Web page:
Rick Perry: Too Early to Tell if Jr. Sen. Cruz Will Change Texas

Image: Rick Perry: Too Early to Tell if Jr. Sen. Cruz Will Change Texas

Thursday, 19 Jun 2014 06:44 PM

By Cathy Burke

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Texas Gov. Rick Perry Thursday needled fellow Republican Sen. Ted Cruz —  a relative newcomer to Texas politics who served Perry as the state’s top appellate lawyer —  saying he wasn’t worried the "junior senator" had eclipsed him.

At the state GOP convention in Fort Worth earlier this month, Perry ran a distant fourth in a presidential straw poll behind Cruz, Dr. Ben Carson and Sen. Rand Paul of Kentucky.  in a presidential straw poll.

But polls, Perry said at a lunch hosted by the Christian Science Monitor, are just "a snapshot in time," noting he was behind by 30 percentage points early in his last bid for reelection, the Dallas News reported.

And Perry thoroughly dismissed the idea Cruz has made a big difference in state politics.
"Texas is pretty big; it’s pretty diverse; the legislature is a microcosm of the state, so I’m not sure one person has the ability to change all that," Perry said at a lunch hosted by the Christian Science Monitor, Roll Call reported.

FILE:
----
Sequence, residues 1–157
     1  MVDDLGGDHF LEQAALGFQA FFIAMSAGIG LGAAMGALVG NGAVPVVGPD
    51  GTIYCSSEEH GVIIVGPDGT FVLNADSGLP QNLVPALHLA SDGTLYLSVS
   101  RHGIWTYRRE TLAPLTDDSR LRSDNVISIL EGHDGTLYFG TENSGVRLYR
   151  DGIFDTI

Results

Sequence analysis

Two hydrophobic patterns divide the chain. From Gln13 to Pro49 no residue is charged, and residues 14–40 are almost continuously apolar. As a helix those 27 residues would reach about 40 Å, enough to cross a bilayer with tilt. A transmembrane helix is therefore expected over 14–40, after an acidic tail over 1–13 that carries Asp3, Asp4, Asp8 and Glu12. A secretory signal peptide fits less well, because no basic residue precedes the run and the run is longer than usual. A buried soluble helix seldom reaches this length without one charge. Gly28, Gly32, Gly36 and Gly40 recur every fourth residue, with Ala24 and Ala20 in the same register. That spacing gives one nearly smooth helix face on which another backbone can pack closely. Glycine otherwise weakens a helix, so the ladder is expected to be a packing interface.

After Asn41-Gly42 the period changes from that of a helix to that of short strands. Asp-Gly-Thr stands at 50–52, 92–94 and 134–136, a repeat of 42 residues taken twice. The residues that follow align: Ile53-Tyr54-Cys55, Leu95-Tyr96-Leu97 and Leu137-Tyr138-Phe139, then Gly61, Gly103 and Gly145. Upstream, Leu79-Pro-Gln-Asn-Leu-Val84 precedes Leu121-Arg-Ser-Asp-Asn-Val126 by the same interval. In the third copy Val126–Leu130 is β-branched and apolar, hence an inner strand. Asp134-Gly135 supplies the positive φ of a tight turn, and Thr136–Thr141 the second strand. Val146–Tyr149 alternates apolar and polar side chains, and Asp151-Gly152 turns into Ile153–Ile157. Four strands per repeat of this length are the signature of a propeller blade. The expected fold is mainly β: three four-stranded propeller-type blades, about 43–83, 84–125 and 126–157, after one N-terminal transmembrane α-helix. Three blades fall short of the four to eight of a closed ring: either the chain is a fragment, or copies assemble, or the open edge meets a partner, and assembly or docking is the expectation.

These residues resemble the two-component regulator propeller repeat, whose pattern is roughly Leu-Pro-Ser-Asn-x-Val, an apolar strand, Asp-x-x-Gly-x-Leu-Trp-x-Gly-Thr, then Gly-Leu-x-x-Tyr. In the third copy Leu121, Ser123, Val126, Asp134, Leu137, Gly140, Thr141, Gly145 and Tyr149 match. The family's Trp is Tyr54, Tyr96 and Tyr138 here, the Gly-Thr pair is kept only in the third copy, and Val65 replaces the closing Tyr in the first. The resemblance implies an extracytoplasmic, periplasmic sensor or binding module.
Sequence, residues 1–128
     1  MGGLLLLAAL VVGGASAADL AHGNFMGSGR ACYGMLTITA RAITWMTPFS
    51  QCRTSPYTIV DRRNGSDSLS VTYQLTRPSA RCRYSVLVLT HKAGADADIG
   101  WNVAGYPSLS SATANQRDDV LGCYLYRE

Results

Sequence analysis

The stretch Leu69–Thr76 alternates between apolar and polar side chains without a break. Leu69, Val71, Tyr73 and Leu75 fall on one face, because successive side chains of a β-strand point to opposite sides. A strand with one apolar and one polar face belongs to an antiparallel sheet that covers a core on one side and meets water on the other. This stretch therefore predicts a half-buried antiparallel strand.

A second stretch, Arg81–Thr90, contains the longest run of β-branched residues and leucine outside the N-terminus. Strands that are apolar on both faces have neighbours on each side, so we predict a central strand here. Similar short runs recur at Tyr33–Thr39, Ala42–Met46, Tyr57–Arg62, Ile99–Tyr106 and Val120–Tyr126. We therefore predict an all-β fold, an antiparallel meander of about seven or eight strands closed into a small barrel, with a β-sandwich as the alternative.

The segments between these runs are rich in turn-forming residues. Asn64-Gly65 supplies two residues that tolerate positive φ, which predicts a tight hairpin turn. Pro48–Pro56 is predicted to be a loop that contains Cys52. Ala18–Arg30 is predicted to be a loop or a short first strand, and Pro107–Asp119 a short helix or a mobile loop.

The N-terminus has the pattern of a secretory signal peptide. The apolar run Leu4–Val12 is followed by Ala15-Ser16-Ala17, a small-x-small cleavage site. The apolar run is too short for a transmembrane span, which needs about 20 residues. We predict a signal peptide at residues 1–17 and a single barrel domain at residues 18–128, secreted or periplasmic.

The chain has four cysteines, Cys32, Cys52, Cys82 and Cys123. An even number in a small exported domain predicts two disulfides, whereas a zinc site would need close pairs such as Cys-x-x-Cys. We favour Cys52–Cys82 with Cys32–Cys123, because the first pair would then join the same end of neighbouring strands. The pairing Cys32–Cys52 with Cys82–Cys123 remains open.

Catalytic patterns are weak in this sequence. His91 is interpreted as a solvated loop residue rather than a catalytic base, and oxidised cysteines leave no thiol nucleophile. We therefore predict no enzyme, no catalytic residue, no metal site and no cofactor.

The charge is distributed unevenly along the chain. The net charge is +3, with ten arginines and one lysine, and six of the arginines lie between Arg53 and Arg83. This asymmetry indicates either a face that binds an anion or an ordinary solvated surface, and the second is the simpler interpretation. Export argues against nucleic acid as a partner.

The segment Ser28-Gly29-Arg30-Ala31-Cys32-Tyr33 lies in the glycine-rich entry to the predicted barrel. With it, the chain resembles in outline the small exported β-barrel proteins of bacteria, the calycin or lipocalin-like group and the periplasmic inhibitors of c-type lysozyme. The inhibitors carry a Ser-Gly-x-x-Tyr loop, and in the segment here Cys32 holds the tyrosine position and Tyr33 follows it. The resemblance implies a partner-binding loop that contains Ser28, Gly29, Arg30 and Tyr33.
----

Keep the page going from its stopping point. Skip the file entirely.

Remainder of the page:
Cruz has mostly stayed out of federal elections, except for his endorsements of fellow Texas Sen. John Cornyn and T.W. Shannon in the Oklahoma GOP primary for Senate, Roll Call noted. But he’s gotten involved in some of the state elections, including endorsing state Sen. Dan Patrick over incumbent Lt. Gov. David Dewhurst.

"We all get our 15 seconds of fame, right," Perry said. "Whether it was Ann Richards, or whether it was George W. Bush or whether it was Rick Perry or whether it was Ted Cruz. Long term, I think it requires somebody with substantial staying power to make a long-term difference in Texas.

"The idea that a personality in the political arena can change Texas may be a little bit outside the realm of reality," he added. "Ask me in eight years if Sen. Cruz has made an impact on the state. At this particular point in time, it’s a little early to say that a junior senator would have substantively changed the state."

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